The program displays approx -0.3158 (ie W0(-10^(-1) * ln(10)))

You are out of the program and now type -W / ln(10)

The machine displays approx **0.1371** (first x value)

Then Execute **W-1FX**:

Press EXE (to keep the current value -10^(-1) * ln(10) in X) (approx -0.2303)

The program displays approx -2.3026 (ie W-1(-10^(-1) * ln(10)))

You are out of the program and now type -W / ln(10)

The machine displays approx **1** (second x value)

**2^x = 11 - x**

Let t = 11-x (**=>x = 11-t**)

2^(11 - t) = t

2^11 * 2^(-t) = t

2^11 * e^(-t * ln(2)) = t

e^(-t * ln(2)) = t / (2^11)

1 = t * e^(t * ln(2)) / (2^11)

ln(2) = t * ln(2) * e^(t * ln(2)) / (2^11)

2^11 * ln(2) = t * ln(2) * e^(t * ln(2))

W(2^11 * ln(2)) = W(t * ln(2) * e^(t * ln(2))

W(2^11 * ln(2)) = t * ln(2)

t = W(2^11 * ln(2)) / ln(2)

x= 11 - W(2^11 * ln(2)) / ln(2)

2^11 * ln(2) is >= 0 => Only one value for W: on W0(x)

Execute **W0FX**:

Type 2^11*ln(2) then EXE

The program displays approx 5.5452 (ie W0(2^11 * ln(2)))

You are out of the program and now type 11 – W / ln(2)

The machine displays approx **3** (x value)

**What for numbers beyond 10^100 ?**

Even for small values of the constants involved in an equation, you have to calculate W(x) with rapidly astronomical arguments :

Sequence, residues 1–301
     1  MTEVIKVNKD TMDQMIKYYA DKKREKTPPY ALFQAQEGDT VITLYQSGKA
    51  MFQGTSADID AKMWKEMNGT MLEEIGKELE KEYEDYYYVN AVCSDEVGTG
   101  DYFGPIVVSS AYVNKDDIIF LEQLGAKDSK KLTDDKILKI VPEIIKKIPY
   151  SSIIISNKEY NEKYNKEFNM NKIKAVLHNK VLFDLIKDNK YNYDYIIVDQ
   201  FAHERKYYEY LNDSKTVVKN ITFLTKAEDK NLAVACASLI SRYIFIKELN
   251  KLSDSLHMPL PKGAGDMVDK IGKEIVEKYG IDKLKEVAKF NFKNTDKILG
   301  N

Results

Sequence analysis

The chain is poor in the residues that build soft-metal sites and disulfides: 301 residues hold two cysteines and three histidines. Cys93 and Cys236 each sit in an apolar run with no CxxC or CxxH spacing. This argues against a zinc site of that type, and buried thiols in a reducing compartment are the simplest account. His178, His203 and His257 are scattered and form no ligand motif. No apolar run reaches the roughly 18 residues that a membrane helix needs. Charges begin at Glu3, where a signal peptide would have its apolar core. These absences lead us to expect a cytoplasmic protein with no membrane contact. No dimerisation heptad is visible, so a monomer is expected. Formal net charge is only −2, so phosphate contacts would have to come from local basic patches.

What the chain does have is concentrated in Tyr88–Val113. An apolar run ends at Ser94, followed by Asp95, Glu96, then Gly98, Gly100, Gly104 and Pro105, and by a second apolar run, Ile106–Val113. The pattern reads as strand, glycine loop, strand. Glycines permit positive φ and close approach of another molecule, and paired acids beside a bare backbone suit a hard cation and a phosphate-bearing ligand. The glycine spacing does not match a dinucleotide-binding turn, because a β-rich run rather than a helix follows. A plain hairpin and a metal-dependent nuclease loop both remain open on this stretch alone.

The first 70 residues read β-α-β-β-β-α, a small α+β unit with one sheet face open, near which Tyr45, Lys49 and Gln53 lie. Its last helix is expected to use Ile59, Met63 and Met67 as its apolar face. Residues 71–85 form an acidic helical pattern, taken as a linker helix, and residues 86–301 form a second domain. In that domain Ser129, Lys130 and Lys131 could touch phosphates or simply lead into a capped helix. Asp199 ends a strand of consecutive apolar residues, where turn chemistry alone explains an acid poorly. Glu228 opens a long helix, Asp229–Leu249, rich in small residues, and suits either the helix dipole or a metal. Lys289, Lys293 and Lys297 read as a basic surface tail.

For example, with the equation **2^x = 1000 – x** (cf the 2^x = 11 – x case), you’d need to calculate W(2^1000 * ln(2)), causing overflow of most of the calculators.

Here again, you can calculate W(p) (where p is constant) with the efficient Newton’s method solving this time the equation **ln(x) + x - ln(p) = 0**, handling ln(p) instead of p:

To get W0(ln(p)):

x_0 = ln(p) – ln(ln(p)) (asymptotic behavior of W0(x))

Then iterate:

x_n = x * (1 - ln(x) + ln(p)) / (x + 1)

will normally converge to W0(p)

**Additional programs**

"**W0FLNX**" // The program asks for ln(x) and displays W0(x) value (stored in W)

?X:0->G

X-Ln(X)->G

Prog "WSUBLN":W

"**WSUBLN**" // Subroutine called by W0FLNX

10^(-10)->E:Lbl 1

G(1-Ln(G)+X)/(G+1)->W

Abs(G-W)<E => Return

W->G:Goto 1

Notes:

If p is an excessively large number then **W0FLNX** asks for ln(p) and returns W0(p). Enter ln(p) in a good way : for example, not ln(10^1000) but 1000 * ln(10)

2nd line in **W0FLNX**: "X - Ln(X)" is in fact ln(p) - ln(ln(p)) since you entered ln(p) in X

**Example**

**2^x = 1000 - x**

Solution : x = 1000 - W0(2^1000 * ln(2)) / ln(2)

(cf the Solve 2^x = 11 - x case)

2^1000 * ln(2) is >= 0 => Only one value for W: on W0(x)

2^1000 * ln(2) > 10^100 so you can’t execute **W0FX**

Note that ln (2^1000 * ln(2)) = 1000 * ln(2) + ln(ln(2))

Execute **W0FLNX**:

Type 1000 * ln(2) + ln(ln(2)) then EXE

The program displays approx 686.2494 (ie W0(2^1000 * ln(2)))

You are out of the program and now type 1000 - W / ln(2)

The machine displays approx **9.9514** (x value)

Thank you to Pierre Gillet.

Eddie

All original content copyright, © 2011-2022. Edward Shore. Programs provided by Pierre Gillet with permission, © 2022. Unauthorized use and/or unauthorized distribution for commercial purposes without express and written permission from the author is strictly prohibited. This blog entry may be distributed for noncommercial purposes, provided that full credit is given to the author.